Bernhard’s reasons for taking the prize are not the only suspicious things in this essay. At the end of the award ceremony, Bernhard must make an acceptance speech. All throughout the essay he dreads making the speech, and he claims that he finally decides to sulk away with a few dull sentences on a philosophical theme. Yet when it comes time to give the speech, it is so caustic that it nearly causes a riot. Bernhard plays dumb: “I hadn’t got to the end of my text before the audience became restive, I had no idea why, for my text was being spoken quietly by me and the theme was a philosophical one.”
What is one to make of this profoundly difficult to parse essay? Were it one of Bernhard’s stories, we could simply enjoy the narrator’s inextricable contradictions and unmanageable paranoia—indeed, here Bernhard sounds nothing so much like one of his own protagonists. But this is autobiography and so a different standard is necessary. One wants to believe Bernhard when he ascribes nobler motives to himself, wants to trust his contrition when he tells himself, as he listens to the pontifications of a petty bureaucrat that he nicknames “his Holiness,” “this is the punishment . . . now you have your reckoning. Now you’ve made yourself one of them, the people sitting in this hall listening to his Holiness the Minister.” Yet after Bernhard’s contradictions and equivocations this gentle acceptance of his punishment feels too easy. Were this a story and not an essay, these logic-pretzels would have to be taken in a wholly different way. But knowing that this is the legendarily irascible, clever, and paranoid Bernhard talking about himself, a different accounting is necessary. Even as we feel close to the human beneath all of these rationalizations and evasions, we must remember that this is how Bernhard wanted to paint himself—both to his audience and to himself.
Although not all of the pieces in My Prizes reach the complexity of the Austrian State Prize for Literature essay, most of them do leave the reader with this quandary. At once we feel very close to elements of Bernhard’s personality, yet very far away from what might be termed “the true Thomas Bernhard.”
None of the essays in My Prizes quite reach the achievement of Bernhard’s better fiction, but these pieces nonetheless offer ample evidence, in miniature, of why Bernhard was such a potent stylist. Here we see the obsessive repetition by which he pursued a sort of literary cubism, and as with the fiction this style leaves the feeling that every word of every one of Bernhard’s slightly different recapitulations of the same thought has been chosen with extreme care. Try on this marvel of leitmotif and repetition:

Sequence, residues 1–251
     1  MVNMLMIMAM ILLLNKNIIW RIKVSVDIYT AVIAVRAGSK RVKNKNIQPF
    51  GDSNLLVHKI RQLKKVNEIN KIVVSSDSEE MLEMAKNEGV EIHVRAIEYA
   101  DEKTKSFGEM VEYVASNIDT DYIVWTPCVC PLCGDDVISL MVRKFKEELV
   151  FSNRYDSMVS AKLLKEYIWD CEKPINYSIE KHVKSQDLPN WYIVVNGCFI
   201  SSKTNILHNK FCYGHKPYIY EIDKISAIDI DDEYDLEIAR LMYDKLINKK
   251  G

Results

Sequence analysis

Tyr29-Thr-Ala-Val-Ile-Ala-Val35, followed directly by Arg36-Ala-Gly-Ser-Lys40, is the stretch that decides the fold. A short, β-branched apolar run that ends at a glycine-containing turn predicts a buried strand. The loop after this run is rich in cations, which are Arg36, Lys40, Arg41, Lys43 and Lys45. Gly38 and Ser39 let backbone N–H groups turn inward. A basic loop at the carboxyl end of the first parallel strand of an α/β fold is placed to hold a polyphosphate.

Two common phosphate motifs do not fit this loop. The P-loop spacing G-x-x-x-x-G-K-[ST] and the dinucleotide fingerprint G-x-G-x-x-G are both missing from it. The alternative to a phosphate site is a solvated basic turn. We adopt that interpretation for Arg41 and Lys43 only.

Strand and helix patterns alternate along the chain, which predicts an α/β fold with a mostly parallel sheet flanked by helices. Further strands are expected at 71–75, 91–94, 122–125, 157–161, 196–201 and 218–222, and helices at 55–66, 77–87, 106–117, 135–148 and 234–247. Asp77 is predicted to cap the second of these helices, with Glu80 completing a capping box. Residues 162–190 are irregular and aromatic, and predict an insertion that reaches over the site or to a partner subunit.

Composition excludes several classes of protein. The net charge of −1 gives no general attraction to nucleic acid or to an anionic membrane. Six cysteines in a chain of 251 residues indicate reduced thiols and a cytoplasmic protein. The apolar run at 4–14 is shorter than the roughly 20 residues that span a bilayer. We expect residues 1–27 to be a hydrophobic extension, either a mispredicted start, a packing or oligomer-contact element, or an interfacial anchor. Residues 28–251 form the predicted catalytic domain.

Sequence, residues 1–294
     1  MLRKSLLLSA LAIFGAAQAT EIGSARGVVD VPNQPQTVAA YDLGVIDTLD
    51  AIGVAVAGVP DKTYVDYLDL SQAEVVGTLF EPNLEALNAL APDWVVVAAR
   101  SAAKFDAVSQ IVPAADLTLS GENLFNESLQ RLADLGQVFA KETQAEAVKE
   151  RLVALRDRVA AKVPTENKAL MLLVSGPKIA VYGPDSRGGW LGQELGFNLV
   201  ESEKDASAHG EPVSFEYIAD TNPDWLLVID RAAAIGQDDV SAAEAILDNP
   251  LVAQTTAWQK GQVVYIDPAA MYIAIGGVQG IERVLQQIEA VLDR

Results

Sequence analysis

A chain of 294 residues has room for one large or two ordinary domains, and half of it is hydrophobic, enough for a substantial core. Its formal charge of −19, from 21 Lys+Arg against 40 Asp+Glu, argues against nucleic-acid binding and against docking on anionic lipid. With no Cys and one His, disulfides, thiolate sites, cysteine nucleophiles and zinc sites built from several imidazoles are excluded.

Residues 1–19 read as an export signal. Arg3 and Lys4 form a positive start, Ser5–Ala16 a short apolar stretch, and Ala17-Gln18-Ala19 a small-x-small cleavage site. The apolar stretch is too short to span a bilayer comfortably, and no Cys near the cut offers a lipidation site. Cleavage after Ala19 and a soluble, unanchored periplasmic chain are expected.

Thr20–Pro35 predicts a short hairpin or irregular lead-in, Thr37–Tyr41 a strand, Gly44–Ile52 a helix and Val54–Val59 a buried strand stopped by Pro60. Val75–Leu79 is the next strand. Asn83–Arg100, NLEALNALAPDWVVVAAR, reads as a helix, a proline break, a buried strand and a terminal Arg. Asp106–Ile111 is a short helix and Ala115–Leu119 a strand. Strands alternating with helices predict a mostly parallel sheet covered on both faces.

It had always been my wish to have a house to myself, and even if not a proper house, at least walls around me in which I can do what I want, permit what I want, lock myself in if I want. So, I thought, I’ll use the prize money to get these walls. . . . Maybe for seventy thousand I’ll find the right set of walls I can lock myself up in, I wasn’t thinking about a house when I thought about a property for myself, I thought about walls and I thought about walls in which I could lock myself up.
There is something chilling and particularly apt about Bernhard reducing his home to a set of walls. The idea that, for Bernhard, a home is not a refuge, nor a hearth, nor even a structure with a ceiling, but only just a set of walls; the idea beautifully seasons his misanthropia with a hint of delusion. Yet even better than Bernhard’s use of walls is his repeated insistence that with these walls he can “lock myself up.” One shivers while reading that.
Bernhard’s strength was his ability to pick just the right word, and then to play it again and again. This, combined with the high expectations Bernhard had of his readers, leads to some amazing telling details. When he’s on his game, he never embellishes them with unnecessary adjectives, and he lets them do the work of whole paragraphs of exposition. Who else but Bernhard would think of the following image: “it must be giving my enemies on this jury a fiendish pleasure to knock me from my pedestal by throwing the Small Prize at my head.” The bit about the prize being thrown at the head particularly lingers.
Bernhard originally wrote these nine short essays in 1980, and they reach us now in English by way of translator Carol Brown Janeway, who herself is helped by a long overdue surge of interest in one of Europe’s most distinctive postwar writers. Janeway’s translation compares well with the translations made by Sophie Wilkins (Correction), Jack Dawson (The Loser), and Martin Chalmers (Prose), although the prose here appears easier quarry than in those books. Nonetheless, this is an excellent, fun volume for anyone interested in either Bernhard’s writing or the man behind it.
Scott Esposito edits The Quarterly Conversation.